Science Squash Ng Dominick2 199x300 Squash and Human Nature: Part 1 – Playing by the RulesOne likely candidate, as any parent will tell you, is our drive to ask “Why?” Daniel Povinelli at the University of Louisiana taught both children and chimpanzees to stand an L-shaped block on its end, then secretly substituted an apparently identical block that would not stand up. “The chimps just kept trying,” he says, “but the kids would stop and turn the block upside down and feel the bottom of it. They’d shake the block, try to figure out what was inside it. They would do all kinds of things in an attempt to diagnose why it wouldn’t stand up”

Another unique feature of humans is our ability to grasp abstract concepts. Chimps struggle with this. For example, while they quickly learn that heavy rocks are better for smashing nuts, when it comes to grasping the concept of weight, they falter. “If they hear two objects drop and one goes ‘bam!’ and the other goes ‘click’ they can’t infer that one of those objects will be good for cracking a nut and the other won’t,” says Povinelli, “whereas we can.”

Crucially, this kind of understanding allows us to use what we have learned in one domain to make causal predictions in another. So, for example, we can predict that something that goes “bam!” will sink, whereas something that goes “click” may well float. Our nimbleness at abstract causal reasoning is tied up with our facility with language and probably underlies many of our other social skills, such as rituals and rules of behaviour too. Povinelli believes that this is what really sets humans apart from even the brightest apes.

But there’s one more trait that distinguishes us from less-scientific animals: an eagerness to share what we’ve discovered. Once we figure something out, we announce it to the world, which is why all scientifically minded humans, not just Isaac Newton, are able to Stand on the Shoulders of Giants.”

So maybe the science of squash, or the science in squash, shouldn’t be that unexpected. Categorising, predicting and testing are part and parcel of learning the game. “If I stand on the ‘T’, I should be able to reach all four corners of the court it a few strides. Let’s check it out. If I hit the ball down the middle of the court, my opponent will be able to intercept it and maybe play a winning shot. Oops! He just did.” Do’s and don’ts are learned quickly. Experiments are carried out (sometimes repeatedly), experiences gained and habits formed, whether good or bad!

But there’s a third characteristic which certainly shouldn’t be surprise to any follower of squash. And it’s all to do with our behaviour, on court and off.

Being Legislative – Squash Behaviour

The question of whether every human society has formal laws is far from settled, but they do all have rules. This is a peculiarly human trait. Our closest relatives, the chimps, may stick to simple behavioural rules governing things like territories and dominance hierarchies, but we humans, with our language skills and greater brainpower, have developed much more elaborate systems of rules, taboos and etiquette to codify behaviour. Though every society has different rules, they always involve regulating activity in three key areas, a sure sign that these are fundamental to human nature.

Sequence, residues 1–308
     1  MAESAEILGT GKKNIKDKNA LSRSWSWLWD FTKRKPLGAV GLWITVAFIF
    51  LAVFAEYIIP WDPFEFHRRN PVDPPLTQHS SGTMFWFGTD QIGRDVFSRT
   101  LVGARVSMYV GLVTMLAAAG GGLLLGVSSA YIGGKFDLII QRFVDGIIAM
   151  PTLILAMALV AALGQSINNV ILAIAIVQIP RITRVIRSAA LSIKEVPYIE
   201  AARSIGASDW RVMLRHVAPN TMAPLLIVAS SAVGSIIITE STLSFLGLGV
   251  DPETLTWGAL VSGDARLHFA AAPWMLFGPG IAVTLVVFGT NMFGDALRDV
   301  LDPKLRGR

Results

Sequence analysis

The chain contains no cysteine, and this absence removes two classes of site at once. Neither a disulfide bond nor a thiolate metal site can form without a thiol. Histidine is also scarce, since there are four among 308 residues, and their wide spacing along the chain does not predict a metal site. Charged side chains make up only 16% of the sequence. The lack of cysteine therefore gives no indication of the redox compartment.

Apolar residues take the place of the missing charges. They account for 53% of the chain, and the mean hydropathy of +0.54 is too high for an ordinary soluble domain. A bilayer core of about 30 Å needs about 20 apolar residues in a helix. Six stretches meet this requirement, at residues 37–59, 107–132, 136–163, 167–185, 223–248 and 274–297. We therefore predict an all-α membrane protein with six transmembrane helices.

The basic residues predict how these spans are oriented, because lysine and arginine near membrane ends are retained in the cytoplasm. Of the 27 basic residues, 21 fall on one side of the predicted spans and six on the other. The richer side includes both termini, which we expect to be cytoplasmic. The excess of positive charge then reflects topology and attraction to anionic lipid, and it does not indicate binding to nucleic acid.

For a start, we are all obsessed with kinship, which brings rights, in particular to inheritance of goods and status. “There are always rules about who counts as kin, and what obligations you have to kinfolk,” says Robin Fox at Rutgers University in New Brunswick, New Jersey. The rules may favour maternal or paternal links, or treat both equally. Every society recognises the uniquely human concept of kinship by marriage, as well as believing that kinship entails duties to family members – for which there are rules. And all have incest taboos, usually prohibiting sexual intercourse between immediate family (though royalty are sometimes exempted).

After who’s who, everyone worries about safety, so every culture also has rules about when one person can kill another. “I don’t know of any society that doesn’t condemn murder,” says Sally Engle Merry at New York University. “However, what constitutes an illegitimate killing is complicated.” In some societies, any stranger is fair game. Others allow killing to avenge the murder of kin, and many allow the group to kill someone who violates its norms. But every group draws the line somewhere.

Every society also has rules governing the use of objects. The notion of private property is by no means universal but people everywhere do have rules that stipulate who is entitled to use certain things at particular times. These vary widely from a simple ‘first come, first served’ to the elaborate system of private ownership in industrialised societies.